US 2806675 A
Description (OCR text may contain errors)
Sept'- 172 1957 H. coNzADx APPARATUS FOR AIR CONDITIONING Filed Aug. l. 1955 United States Patent G APPARATUS FOR Ain CONDITIONING Henrik Conradi, Appelviken, Sweden, assigner to AB Svenska Flaktfabriken, Stockholm, Sweden Application August 1, 1955, Serial N o. 525,766 Claims priority, application Sweden June 22, 1950 1 Claim. (Cl. 257-8) The present invention relates to new and useful improvements in apparatus for air conditioning and more particularly to air conditioning a plurality of rooms by initially conditioning the air in a central air conditioning i unit, and providing for the further regulation of the temperature at each individual room. This application is a continuation-impart of my application led June 18, 1951, Serial Number 232,114, now abandoned.
According to the physical laws, it is possible to produce a cooling effect on a body by lowering the temperature or by de-humidifying the ambient air, and also by increasing the velocity of the air. The increase of the velocity of the air may be effected either by changing the direction of the air or by increasing the quantity of the air. for instance cooling of a room has usually been accomplished by maintaining the air at a low temperature, and at the same time preventing, as much as possible, excess movement of the air in the room.
The method of the modied invention of air conditioning one or more rooms by injected air which air may be preconditioned in a central air conditioning unit located in a main duct with connected branches for injecting air into each room, is characterized in that the velocity of the air current in the room and the heat content of the air are regulated by one and the same control device and that this device is arranged first to decrease said velocity with the heat content of the injected air remaining constant and subsequently to combine a reduction of the velocity of the air current, effected by a reduction of the quantity of the injected air or by distributing the air over the entire area of the room or both of these steps, with an increase of the heat content of the air effected by an increase of the temperature (or of the humidity or both the humidity and the temperature) of the air, and vice versa by first combining an increase of the velocity of the air current, eifected by an increase of the injected air (or by directing said air towards the occupied zone of the room or these steps in combination), with a reduction of the heat content of the air, effected by a reduction of the temperature (or the humidity or both the humidity and the temperature) of the injected air.
Other objects of the present invention and the various features and details of the operation and construction thereof are hereinafter more fully set forth and described with reference to the accompanying drawing in which:
Fig. l illustrates diagrammatically an air conditioning or cooling system for cooling a plurality of rooms made in accordance with the present invention;
Figs. 2a to 2d inclusive show one apparatus for carrying out the modiied method of the present invention, the individual gures showing the sequence of position from maximum cooling to maximum heating; and,
Figs. 3a to 3d show another apparatus for carrying out the modified method, the individual iigures being patterned after the figures of Figs. 2a to 2d.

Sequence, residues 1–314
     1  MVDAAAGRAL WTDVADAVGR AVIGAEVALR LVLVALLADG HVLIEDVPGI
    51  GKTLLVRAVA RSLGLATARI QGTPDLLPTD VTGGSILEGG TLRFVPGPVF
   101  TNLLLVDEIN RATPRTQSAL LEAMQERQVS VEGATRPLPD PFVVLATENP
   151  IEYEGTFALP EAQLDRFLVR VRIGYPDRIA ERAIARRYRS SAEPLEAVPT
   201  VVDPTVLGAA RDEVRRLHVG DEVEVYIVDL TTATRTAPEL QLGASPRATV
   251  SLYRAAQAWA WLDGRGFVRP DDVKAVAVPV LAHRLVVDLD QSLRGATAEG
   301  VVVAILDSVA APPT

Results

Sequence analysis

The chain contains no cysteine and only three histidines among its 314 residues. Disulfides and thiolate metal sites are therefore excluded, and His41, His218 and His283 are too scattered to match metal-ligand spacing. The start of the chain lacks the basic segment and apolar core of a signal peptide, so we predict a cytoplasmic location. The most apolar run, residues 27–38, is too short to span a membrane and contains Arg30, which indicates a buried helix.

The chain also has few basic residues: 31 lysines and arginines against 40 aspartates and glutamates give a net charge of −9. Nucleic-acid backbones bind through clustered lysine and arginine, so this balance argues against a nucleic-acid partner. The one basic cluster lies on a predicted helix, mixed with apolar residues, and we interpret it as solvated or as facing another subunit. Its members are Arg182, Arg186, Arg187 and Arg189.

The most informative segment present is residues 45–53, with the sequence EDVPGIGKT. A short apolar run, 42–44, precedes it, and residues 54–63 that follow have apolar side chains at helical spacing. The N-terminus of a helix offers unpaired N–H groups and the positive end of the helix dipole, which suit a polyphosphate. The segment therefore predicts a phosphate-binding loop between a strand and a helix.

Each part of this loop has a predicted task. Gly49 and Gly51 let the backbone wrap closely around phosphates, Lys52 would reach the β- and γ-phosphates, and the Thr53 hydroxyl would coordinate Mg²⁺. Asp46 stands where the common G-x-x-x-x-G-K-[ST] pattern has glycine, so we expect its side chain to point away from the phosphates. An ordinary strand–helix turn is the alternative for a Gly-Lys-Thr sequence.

in the embodiment of the invention illustrated in Fig. 1,
Prior to the present invention, air conditioning,
the entering outdoor air enters the system at 1 and is caused to pass through a central air conditioning unit 2 wherein the air is conditioned to a predetermined temperature and humidity. If desired, the air conditioning unit 2 may be provided with filters for removing dust and destroying bacteria in the entering air. The air is discharged from the air conditioning unit 2 into a main air duct 3 which has a plurality of branch ducts 7, 8, 9, and 10 which lead into a corresponding number of rooms 30, 22, 18, and 14, respectively. A damper 4 is positioned at the forward end of the main duct 3 to control the quantity of air discharged from the air conditioning unit 2 in accordance with the amount of air required in the various rooms. The damper 4 is pivoted at its midpoint as indicated at 5 and the relative position of the damper 4 is controlled by a pressure governor 25. Apressure-responsive member 6 is positioned in the main duct Simmediately in front of the damper 4 and actuates the pressure governor 25 which in turn controls the position of the damper 4 through connecting mechanism diagrammatically illustrated at 26. When the pressure in the duct 3 is increased, the damper 4 is positioned across the duct thereby decreasing the rate of ow of the air into the duct. In a similar manner, upon a decrease of pressure in the duct, the damper 4 is opened, permitting a 4greater flow of air. A return duct 28 is provided which is connected with outlet openings 29 in each of the rooms to permit the air to be removed from the rooms. T he return duct 28 is connected to the inlet duct and a manually controlled damper 27 is provided to permit a predetermined portion of the air to be recirculated.
In operation, the entering outdoor air 1 is mixed with a portion ofthe air returning from each of the rooms through the return duct 23 and damper 27 and is conducted through Vthe central air conditioning unit 2 where it is given a predetermined temperature and humidity. From the main duct 3 the air then passes through the branch ducts 7, 8, 9, and 10 to the various rooms where the air is finally conditioned in accordance with the present invention, that is, the condition of the air is correlated with respect to the temperature, humidity, and quantity and direction of injection of the air into the rooms. This is accomplished by providing heating units 12, 16, 20, and 24 along one side of each of the branch ducts 10,